Today's Paper Obits Crime NWA Outdoors Today's Photos PREP Sports NWA EDITORIAL: The natural Razorbacks land graduate transfer QB Puzzles

The diagnosis of another northeast Arkansas food-service worker with hepatitis A prompted the state Department of Health on Tuesday to issue its second alert on the virus in less than a week.

The latest case involves an employee of the Doublebee's gas station at 1003 U.S. 63 in Walnut Ridge and is part of an outbreak that has infected 13 people in the state's northeast, including four other food-service workers.

The Doublebee's employee was diagnosed Saturday, Health Department spokesman Meg Mirivel said.

The previous alert came after the diagnosis of an employee at a Subway and Flash Market gas station in Corning.

Although the department has been warning people who ate at the businesses, health officials haven't identified anyone who has gotten the virus by eating contaminated food at those locations, said Gary Wheeler, the department's medical director.

Instead, he said, those who have been affected are connected by social relationships. Within those groups, the virus is probably being transmitted through contaminated food, but "we just don't know at this point," he said.

He noted that restaurants typically have stringent requirements for hand-washing and other precautions that prevent the spread of foodborne illnesses.

The department inspected each of the five businesses where a worker has been diagnosed with hepatitis and "found no significant breaks in their procedures that would allow an outbreak to occur," he said.

According to the department, the virus is usually spread when a person ingests tiny amounts of fecal matter, such as through contact with contaminated objects or food.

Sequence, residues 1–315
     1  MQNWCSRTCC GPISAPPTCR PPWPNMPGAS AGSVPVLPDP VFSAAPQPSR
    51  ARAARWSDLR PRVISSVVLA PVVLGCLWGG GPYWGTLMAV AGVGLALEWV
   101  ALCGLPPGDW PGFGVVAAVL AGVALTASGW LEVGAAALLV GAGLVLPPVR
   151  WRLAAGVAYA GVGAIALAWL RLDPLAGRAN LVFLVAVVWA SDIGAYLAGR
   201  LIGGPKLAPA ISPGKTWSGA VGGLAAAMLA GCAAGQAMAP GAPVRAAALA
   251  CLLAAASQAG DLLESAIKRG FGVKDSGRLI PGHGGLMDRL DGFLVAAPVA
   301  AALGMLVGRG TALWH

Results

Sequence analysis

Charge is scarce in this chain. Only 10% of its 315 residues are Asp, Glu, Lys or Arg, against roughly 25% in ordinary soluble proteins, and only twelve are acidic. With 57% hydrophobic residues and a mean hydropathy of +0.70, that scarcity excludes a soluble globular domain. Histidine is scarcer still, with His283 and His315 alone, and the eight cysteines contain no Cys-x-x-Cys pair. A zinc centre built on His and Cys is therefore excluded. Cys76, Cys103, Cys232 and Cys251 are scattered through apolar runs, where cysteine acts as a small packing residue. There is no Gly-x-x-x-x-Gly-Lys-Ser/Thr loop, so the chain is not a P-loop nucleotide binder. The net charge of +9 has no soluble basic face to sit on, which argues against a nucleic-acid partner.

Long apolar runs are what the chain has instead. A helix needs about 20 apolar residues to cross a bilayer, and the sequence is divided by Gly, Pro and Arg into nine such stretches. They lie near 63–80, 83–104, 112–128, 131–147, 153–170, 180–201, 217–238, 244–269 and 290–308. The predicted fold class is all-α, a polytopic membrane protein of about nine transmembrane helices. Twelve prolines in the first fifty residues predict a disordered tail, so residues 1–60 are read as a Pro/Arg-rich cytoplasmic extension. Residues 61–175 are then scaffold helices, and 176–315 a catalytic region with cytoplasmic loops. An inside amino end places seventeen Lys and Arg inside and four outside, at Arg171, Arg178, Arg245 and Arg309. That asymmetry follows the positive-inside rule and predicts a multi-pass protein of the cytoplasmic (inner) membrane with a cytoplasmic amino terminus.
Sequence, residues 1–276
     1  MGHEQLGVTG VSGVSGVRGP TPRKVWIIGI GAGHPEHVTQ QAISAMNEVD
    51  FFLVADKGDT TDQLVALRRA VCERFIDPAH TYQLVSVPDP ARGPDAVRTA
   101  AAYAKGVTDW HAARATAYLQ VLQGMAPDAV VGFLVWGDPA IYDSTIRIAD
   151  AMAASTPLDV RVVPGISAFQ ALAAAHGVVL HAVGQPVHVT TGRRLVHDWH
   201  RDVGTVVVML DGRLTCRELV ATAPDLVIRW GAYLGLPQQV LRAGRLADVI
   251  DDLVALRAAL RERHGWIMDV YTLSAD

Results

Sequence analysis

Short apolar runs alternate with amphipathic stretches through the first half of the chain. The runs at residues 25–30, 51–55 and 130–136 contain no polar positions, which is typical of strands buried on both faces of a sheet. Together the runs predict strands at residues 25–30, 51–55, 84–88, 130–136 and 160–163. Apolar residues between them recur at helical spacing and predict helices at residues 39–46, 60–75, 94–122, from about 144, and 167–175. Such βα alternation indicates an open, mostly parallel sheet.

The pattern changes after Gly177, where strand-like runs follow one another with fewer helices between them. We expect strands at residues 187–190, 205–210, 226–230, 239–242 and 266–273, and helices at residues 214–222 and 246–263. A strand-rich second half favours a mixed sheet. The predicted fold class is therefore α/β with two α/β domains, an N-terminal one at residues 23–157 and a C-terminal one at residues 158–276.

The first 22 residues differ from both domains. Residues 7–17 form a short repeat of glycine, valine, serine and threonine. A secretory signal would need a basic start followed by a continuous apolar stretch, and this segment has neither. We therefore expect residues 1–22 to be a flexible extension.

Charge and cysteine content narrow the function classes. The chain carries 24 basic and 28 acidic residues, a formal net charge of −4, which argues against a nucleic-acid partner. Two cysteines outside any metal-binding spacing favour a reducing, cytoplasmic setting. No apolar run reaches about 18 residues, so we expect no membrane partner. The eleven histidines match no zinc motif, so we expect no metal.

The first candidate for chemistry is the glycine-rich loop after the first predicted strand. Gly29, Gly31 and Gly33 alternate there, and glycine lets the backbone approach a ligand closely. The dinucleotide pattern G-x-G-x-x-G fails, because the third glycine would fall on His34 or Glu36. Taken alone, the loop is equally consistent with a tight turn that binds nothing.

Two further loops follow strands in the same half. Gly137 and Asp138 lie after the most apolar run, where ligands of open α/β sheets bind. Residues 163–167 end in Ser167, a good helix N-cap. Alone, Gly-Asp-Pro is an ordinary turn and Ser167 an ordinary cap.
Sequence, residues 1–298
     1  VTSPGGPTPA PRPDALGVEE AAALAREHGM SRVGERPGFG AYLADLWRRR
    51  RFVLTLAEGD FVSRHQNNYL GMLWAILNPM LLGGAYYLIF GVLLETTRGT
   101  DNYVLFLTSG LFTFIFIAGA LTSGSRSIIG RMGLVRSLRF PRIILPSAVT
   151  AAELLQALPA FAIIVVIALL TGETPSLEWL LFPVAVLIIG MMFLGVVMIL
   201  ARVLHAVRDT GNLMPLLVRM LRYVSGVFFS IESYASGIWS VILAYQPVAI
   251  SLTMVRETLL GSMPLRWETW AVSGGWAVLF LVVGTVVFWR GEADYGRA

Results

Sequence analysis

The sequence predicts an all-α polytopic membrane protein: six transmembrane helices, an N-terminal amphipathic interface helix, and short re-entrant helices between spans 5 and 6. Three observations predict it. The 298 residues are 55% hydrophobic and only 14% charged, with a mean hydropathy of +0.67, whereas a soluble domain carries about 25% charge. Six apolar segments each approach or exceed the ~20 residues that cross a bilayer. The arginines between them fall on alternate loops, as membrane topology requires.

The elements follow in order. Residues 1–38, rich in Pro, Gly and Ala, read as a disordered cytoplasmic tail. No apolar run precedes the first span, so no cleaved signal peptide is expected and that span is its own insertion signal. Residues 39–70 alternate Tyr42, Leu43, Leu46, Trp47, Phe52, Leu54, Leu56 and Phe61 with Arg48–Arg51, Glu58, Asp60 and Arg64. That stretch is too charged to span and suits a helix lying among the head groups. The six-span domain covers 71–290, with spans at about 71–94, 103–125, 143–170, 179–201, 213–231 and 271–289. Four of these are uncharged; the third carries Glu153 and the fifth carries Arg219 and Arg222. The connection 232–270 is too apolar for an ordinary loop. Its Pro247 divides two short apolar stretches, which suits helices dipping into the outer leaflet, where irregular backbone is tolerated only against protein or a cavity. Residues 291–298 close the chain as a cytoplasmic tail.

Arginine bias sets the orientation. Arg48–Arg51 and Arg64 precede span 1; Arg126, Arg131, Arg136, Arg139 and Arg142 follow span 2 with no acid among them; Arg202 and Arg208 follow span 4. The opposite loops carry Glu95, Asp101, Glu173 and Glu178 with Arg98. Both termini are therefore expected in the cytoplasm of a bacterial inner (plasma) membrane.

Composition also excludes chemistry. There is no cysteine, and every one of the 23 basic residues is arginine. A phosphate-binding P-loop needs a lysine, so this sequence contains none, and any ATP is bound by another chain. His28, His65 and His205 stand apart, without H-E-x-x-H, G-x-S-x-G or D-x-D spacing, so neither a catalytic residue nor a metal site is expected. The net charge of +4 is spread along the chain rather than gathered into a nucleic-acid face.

It also can be transmitted by sharing drug needles or having unprotected sex.

People who ate at the Doublebee's station between April 7 and April 18 should seek care immediately if they have never been vaccinated for hepatitis, the department said.

Such care can be provided through vaccination or treatment with immune globulin, both of which can prevent illness after exposure to the virus, the department said.

The department will offer the vaccine from 8 a.m. to 4:30 p.m. today at the Lawrence County health unit at 1050 W. Free St. in Walnut Ridge.

On Saturday, 266 people were vaccinated at a similar clinic at the Clay County health unit in Corning, three days after the diagnosis in that city. An additional 253 people were vaccinated Monday at the health unit.

The other food workers who have been diagnosed also worked at businesses in Clay County, which is northeast of Lawrence County and borders Missouri.

The Health Department has urged all food-service workers in the county to get vaccinated, and immunized almost 100 as of last week. Wheeler said the department has not yet expanded the food-service workers effort to Lawrence County.

"We haven't taken it off the table, but at this point, we're in a pause situation waiting to see if there are further cases," he said.

Jennifer Dillaha, medical director for the Health Department's immunization program, noted that all the Arkansas cases so far have been in adults. While most adults have not been immunized, the vaccine has been required for Arkansas children in day cares, kindergartens and first grade since 2014.

"I think that's making a difference and shows why we've had no [affected] children so far," Dillaha said.

The outbreak, which Mirivel said is the first cluster of related cases in the state in at least a decade, is linked to several others around the country, including one in southeastern Missouri, which had infected almost 100 people as of last week.

Two other Arkansans have been diagnosed with hepatitis A in other parts of the state this year, but their infections were not related to the northeast Arkansas outbreak, she said.

Health care providers reported seven cases in the state last year, 13 in 2016 and 10 in 2015.

The virus affects the liver and can cause illness two to seven weeks after exposure, with most people developing symptoms in three or four weeks. Typical symptoms include fever, fatigue, loss of appetite, nausea, abdominal pain, dark urine, clay-colored bowel movements, joint pain or jaundice.

About 1 in 3 adults who become infected must be hospitalized, according to the Health Department. Although they may feel sick for months, most people infected with hepatitis A will recover completely and will not have any lasting liver damage, the department said.

Metro on 04/25/2018

Print Headline: Hepatitis A case raises fresh alert

Sponsor Content